The Bronze Age occurred began in the 3000s B.C. It was characterized by the use of bronze, early writing systems, and the early features of urban civilization. The Bronze Age is considered the second major period of the three age system (Stone, Bronze, and Iron). Matt Leacock (Pandemic master) took this concept and created the game Roll Through the Ages: The Bronze Age. This is the second game in Eagle-Gryphon Games "Bookshelf Series." This series of games stand up on your shelf and look like one of those nice hardcover books you used to buy through the mail. This specific game is designed for 1-4 players, ages 8+. It takes 30-45 minutes to play, and it retails for $39.99
1. Give each player a score sheet, peg board, six pegs (one of each color), and a pencil.
2. Each player sets his food peg to 3 and the five other pegs to 0.
3. Randomly determine a start player, and have that person put a star on their score sheet, so you can keep track of who gets the last turn in the game.
Game Play - The game is played over a series of rounds, with every player taking a turn each round. On your turn, you may perform all of the following steps, if your dice roll permits you:
1. Roll Dice and Collect Goods or Food - Roll 1 die for each city you possess. (Note: You start with three cities.) In Yahtzee style, you may roll your dice up to three times, but if you ever roll a skull, that die is locked and you cannot re-roll it. After your rolls, you collect goods and food by moving pegs, according to the table in the rule book/on the score sheet.
2. Feed Cities and Resolve Disasters - Each city requires 1 food, so you must subtract 1 food on your pegboard per city. If you can't feed your people, that counts as a disaster and is checked on your score sheet. If your dice show more than 1 skull, you then resolve this according to the disaster table in the rule book/on your score sheet.
3. Build Cities and/or Monuments - For each worker on your dice, check off a box in a city or a monument. Once you have checked off all the boxes of a particular city, you unlock an extra die/mouth to feed. If you are the first to finish a monument, you get the larger point value for it. For example, the Great Pyramid would be worth 12 to you and 6 to everyone else.
4. Buy a Development - You may purchase one development per turn by spending coins (each coin on the die is worth 7) and/or goods equal to greater than the cost on the score sheet. If you use goods, you have to use all of the goods, not just move the peg back one or two. Also, no change will be given when buying.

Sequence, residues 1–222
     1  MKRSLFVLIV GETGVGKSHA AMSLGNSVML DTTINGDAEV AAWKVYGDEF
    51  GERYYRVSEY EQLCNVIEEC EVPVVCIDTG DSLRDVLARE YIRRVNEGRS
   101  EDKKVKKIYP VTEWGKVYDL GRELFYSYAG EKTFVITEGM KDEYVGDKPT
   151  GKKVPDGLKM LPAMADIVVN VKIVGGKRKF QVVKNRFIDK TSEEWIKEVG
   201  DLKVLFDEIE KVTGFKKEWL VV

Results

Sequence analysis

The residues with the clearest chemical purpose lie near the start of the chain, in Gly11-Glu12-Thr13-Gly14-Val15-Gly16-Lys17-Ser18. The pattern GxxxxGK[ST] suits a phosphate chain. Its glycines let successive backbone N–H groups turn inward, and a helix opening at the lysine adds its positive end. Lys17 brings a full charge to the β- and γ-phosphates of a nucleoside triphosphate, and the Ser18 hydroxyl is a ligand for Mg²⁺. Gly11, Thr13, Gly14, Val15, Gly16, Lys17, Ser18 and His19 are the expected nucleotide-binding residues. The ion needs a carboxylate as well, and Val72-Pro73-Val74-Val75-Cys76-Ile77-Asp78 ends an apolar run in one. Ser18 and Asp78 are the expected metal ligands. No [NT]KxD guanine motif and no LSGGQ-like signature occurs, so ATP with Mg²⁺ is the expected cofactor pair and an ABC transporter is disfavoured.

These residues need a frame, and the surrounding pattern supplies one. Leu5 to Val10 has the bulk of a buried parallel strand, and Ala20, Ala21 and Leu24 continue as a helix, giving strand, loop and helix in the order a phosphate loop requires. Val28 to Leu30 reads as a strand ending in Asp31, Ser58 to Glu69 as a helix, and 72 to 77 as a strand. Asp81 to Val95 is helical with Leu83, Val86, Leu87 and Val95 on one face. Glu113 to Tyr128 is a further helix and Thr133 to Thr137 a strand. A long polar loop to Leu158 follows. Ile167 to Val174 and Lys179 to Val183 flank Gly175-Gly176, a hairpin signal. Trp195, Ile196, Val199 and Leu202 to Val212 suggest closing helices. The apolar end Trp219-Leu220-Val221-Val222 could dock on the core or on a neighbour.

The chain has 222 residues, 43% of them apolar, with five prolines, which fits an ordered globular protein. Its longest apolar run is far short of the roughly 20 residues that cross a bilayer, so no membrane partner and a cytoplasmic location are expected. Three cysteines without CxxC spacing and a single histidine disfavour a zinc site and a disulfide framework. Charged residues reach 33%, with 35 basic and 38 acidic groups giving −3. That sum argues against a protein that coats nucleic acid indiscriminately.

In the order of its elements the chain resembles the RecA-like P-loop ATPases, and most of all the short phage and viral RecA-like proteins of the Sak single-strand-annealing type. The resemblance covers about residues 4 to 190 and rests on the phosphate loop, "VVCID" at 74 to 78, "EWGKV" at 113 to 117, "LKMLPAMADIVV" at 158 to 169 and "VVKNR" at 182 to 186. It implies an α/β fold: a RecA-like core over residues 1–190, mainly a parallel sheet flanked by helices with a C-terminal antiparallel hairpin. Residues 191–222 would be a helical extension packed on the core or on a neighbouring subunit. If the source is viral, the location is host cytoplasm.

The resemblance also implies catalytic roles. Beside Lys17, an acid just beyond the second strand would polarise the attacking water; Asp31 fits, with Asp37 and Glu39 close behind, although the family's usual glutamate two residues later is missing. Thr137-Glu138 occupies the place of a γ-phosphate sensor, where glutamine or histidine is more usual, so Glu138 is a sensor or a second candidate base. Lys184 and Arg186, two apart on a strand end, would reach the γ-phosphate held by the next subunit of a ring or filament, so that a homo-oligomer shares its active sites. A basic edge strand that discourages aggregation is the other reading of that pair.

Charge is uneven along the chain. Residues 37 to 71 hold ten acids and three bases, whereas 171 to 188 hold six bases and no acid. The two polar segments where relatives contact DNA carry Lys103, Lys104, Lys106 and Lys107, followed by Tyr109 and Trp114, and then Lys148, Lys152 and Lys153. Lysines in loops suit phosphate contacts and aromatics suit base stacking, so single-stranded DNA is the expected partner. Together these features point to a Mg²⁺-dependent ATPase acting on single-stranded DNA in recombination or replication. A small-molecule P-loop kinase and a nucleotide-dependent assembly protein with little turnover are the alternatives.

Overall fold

5. Discard Goods in Excess of 6 and Pass the Dice - You may only keep six goods total. Example: At the end of your turn, if you are 4 pegs up on wood, 3 on stone, and 1 on pottery for 8 total, you have to bump some combination of your pegs down 2 spots. Play then passes clockwise.
Game End - The game is over at the end of the round (meaning everyone gets the same number of turns) when someone has built five developments or each monument has been built at least once by any of the players.
Scoring - Add points for every development and monument. If you bought Architecture, add 1 point per monument. If you bought Empire, add 1 point per City. Subtract every box checked in the Disasters section. Highest score wins.
This is a very fun civilization building game that uses dice as your tools. The game has an old-time feel to it, because the components are wooden pegboards. This makes the box and the game heavy, but not unwieldy. Because it's a pegboard and there are no cards, you'll have to use your imagination a bit if you are the type who needs art and theme to make a game come to life.
The game play is very simple to learn, teach, and play, but there is a level of strategy and push your luck involved with every roll of the dice. Do you go for extra food this turn or try and build a city to get an extra die to roll? Be careful getting too many cities too quickly, because you're going to have to feed them. I personally prefer to buy building developments for those added bonuses and the protection they provide against disasters. I'm not very lucky with dice rolls, so if there is an ability I can buy that will mitigate bad rolls, you know I'll buy it! Speaking of disasters, it's not all bad news for you if the dice don't fall your way. If you roll three disasters, it will leave you alone and only mess with your opponents. Therefore, if you roll two disasters, it might behoove you to aim for three. You just better hope you don't end up with four.
The biggest complaints about this game are the downtime, lack of player interaction, and a a feeling that the games start to feel the same after so many times playing it. Luckily, there is an expansion, which you can buy for $5 or download for free here. It is called The Late Bronze Ages, and it adds four new developments; makes trading between players a base rule; and puts all the monuments in play no matter how many players there are. These changes took a very good game, and made it into a great game. If you're interested in a civilization-building game with a Yahtzee-style game mechanic, then this is a game, you'll want to check out. Be sure to check out the sequel Roll Through the Ages: The Iron Age.
This game was provided to me for free by Eagle-Gryphon Games in exchange for an honest review.